Round 3 (Video Conference, System Design): It was for an hour and 40 minutes. I was given two problems to solve, which are:
- We have Rubik’s cube competitions in this world where cubes are shuffled randomly by volunteers before giving it to contestants who solve it simultaneously. Now, the company hosting such competitions uses a computer to generate the shuffle sequence and volunteers are chosen from the crowd. Now, there are two problems with this approach: a), a volunteer might mess a sequence up to purposefully damage a competitor’s chance or b) A volunteer makes an honest mistake. It might not be obvious at first glance that one of the cubes has a slightly altered arrangement. Imagine you are an innovator who is given the task of designing a system which, if presented with the cube can give a Yes/No answer as to whether it is in the correct sequence. We don’t want the system to be time-consuming or expensive.
Answer: I initially suggested an ML algorithm based on Computer Vision that was rejected as I didn’t have a clear idea about how such algorithms worked. My next approach was to suggest an IOT-based solution which relied on using sensors on the Rubik cube to detect the turns made and match the sequence – this was rejected as we couldn’t modify industry standard cubes. I suggested a protocol using Google Assistant’s voice matching which only introduced new points of failure. Finally, the suggestion was made that we will use a fixed box with cameras attached to it’s inner faces; the volunteers will drop the cube there and the images of all faces will be taken which will simply be compared pixel by pixel (no ML, and I was able to describe this) which should work as the RGB values in the cube are quite distinct. The box will be compact enough that there are no issues with orientation that could disturb the image. He was okay with this and then asked me to critique it myself, which I did.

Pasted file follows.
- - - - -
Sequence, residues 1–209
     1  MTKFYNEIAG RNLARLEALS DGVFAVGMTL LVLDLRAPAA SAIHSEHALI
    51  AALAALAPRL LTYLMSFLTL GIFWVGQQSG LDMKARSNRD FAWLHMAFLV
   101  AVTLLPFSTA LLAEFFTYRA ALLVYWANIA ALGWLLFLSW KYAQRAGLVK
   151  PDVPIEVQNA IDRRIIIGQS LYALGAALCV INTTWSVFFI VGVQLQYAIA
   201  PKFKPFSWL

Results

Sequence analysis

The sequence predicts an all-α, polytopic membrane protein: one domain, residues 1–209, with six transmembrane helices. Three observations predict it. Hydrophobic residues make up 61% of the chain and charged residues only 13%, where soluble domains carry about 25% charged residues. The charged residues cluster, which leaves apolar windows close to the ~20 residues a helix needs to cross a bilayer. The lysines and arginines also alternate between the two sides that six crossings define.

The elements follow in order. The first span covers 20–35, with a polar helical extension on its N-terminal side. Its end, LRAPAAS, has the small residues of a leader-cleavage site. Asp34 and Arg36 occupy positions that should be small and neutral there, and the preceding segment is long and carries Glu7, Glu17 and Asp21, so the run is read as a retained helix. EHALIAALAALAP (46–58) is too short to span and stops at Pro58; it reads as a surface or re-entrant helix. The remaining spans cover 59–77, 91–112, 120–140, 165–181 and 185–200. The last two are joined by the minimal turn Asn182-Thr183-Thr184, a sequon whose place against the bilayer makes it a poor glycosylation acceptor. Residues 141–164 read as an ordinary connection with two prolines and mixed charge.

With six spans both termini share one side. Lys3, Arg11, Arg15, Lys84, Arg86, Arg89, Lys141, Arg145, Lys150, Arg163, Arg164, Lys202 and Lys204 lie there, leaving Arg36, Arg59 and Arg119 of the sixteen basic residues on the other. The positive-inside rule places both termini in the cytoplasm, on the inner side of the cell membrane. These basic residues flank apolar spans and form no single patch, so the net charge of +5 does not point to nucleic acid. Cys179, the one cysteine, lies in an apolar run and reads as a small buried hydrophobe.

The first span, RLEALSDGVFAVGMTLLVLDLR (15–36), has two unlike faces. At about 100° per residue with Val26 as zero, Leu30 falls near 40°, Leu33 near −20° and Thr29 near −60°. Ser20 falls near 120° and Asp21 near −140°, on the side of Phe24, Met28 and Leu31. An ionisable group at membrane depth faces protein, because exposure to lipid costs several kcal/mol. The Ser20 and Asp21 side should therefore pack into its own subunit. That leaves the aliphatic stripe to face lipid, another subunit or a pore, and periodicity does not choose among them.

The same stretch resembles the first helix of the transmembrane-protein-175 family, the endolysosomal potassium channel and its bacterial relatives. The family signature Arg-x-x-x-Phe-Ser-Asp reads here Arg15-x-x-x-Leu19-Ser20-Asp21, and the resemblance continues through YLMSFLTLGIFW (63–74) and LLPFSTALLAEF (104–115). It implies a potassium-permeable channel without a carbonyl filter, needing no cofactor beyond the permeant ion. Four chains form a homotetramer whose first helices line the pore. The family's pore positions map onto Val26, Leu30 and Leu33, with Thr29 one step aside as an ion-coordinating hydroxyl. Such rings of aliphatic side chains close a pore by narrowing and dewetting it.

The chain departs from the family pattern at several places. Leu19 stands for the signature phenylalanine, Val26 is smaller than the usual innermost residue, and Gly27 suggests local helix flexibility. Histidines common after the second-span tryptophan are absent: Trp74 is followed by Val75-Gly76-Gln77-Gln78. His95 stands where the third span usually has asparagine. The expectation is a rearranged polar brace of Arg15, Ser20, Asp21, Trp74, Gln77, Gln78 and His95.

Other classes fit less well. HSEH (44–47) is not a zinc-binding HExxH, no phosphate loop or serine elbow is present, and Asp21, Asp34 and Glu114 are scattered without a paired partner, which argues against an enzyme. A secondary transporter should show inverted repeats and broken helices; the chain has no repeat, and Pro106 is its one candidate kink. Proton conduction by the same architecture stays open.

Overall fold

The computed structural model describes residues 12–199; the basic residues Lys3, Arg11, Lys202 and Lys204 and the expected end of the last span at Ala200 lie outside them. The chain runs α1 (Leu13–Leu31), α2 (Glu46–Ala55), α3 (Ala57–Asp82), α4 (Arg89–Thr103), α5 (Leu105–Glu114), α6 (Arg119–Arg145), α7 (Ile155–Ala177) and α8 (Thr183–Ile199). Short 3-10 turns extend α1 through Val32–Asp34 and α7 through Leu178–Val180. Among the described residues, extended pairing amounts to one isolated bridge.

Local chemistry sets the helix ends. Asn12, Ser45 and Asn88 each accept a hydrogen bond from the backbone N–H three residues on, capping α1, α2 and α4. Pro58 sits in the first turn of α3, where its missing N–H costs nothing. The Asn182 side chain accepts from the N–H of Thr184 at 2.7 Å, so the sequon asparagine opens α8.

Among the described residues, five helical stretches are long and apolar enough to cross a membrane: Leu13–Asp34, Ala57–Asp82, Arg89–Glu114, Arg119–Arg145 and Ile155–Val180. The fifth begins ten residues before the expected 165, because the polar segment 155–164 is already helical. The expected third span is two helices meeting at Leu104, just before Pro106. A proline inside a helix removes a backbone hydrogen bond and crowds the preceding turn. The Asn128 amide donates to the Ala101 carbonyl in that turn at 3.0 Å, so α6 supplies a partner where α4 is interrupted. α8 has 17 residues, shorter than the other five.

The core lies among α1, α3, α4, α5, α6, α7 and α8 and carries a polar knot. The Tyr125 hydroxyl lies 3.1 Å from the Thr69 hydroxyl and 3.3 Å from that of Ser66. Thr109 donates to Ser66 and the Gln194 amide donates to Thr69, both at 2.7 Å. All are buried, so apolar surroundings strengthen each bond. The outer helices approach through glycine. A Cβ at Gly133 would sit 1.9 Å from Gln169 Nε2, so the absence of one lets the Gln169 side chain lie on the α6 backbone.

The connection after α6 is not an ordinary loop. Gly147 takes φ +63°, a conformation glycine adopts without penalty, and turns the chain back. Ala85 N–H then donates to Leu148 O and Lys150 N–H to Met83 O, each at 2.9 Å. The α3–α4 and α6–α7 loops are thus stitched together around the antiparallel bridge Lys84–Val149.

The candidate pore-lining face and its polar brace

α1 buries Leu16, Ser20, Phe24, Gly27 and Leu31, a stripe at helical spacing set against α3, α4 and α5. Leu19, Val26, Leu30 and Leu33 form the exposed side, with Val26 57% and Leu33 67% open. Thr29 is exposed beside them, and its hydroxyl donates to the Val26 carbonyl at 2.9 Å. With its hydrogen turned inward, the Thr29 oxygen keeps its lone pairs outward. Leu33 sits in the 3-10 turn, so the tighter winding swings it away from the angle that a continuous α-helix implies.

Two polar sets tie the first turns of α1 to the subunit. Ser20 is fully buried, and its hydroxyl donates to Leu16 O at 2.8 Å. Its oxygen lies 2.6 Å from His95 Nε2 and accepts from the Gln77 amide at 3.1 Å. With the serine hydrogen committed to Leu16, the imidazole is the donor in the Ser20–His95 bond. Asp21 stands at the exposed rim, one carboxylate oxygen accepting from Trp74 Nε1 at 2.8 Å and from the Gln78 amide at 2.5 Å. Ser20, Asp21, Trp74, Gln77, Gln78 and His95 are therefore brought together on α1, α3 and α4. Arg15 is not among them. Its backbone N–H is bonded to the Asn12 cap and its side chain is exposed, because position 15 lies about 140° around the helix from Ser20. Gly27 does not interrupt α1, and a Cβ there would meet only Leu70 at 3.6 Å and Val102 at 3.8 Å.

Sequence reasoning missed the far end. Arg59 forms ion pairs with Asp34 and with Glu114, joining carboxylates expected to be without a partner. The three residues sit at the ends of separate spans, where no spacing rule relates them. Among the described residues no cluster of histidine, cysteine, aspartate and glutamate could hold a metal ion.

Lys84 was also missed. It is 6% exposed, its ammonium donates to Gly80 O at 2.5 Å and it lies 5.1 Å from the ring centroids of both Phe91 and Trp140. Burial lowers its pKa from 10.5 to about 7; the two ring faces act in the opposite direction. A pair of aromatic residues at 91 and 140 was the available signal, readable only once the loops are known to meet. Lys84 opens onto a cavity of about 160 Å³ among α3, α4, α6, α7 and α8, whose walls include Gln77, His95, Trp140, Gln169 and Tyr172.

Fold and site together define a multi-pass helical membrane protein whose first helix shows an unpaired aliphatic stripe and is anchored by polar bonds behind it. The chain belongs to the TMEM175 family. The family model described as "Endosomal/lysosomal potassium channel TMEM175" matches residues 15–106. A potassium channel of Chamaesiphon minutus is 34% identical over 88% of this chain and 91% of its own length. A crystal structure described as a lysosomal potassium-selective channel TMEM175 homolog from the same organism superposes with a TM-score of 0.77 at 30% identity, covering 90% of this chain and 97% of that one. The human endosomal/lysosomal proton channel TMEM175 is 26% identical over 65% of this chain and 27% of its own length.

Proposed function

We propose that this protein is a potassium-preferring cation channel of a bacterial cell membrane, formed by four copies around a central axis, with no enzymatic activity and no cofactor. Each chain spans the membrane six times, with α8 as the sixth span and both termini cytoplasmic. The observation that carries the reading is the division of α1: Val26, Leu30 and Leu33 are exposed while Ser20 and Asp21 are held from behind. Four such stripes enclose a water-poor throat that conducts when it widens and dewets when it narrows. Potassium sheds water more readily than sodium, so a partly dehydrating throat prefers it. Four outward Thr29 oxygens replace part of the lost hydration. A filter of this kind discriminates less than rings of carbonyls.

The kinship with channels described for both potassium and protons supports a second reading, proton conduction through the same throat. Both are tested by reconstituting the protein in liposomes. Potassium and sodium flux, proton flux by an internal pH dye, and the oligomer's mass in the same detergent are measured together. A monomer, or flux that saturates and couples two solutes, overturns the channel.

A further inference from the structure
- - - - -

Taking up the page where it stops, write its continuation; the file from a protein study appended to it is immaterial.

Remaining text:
- The second problem was to create a class Diagram (UML model) for the following problem: Assuming you have a drone whose job is to plant seeds, how will you write its navigation module such that it can perform it’s job without crashing and going outside a designated bounding box? He didn’t give me any more information and I had to question him to find out about the existing interfaces, the hardware functions available to me (like one’s for getting height, position, etc.) and we then had sort of a pair programming discussion as we both tried to design the cleanest interface possible. He paid special attention to my class/method names, loose coupling, separation of concerns etc.
Round 4 (Video Conference, CEO/HR Round): This was the shortest round of only 15-20 minutes. He first explained the general structure of CodeNation and then I was asked general questions about myself, my expectations from CodeNation, how could I help them, discussion about a time I used programming to solve a real life task (I gave examples of a few automation scripts I had written). Following this, he asked me whether I had any questions for him and the interview ended there.
A got a call saying that I was selected for the SDE position the next day and voila, my offer letter was waiting for me! 🙂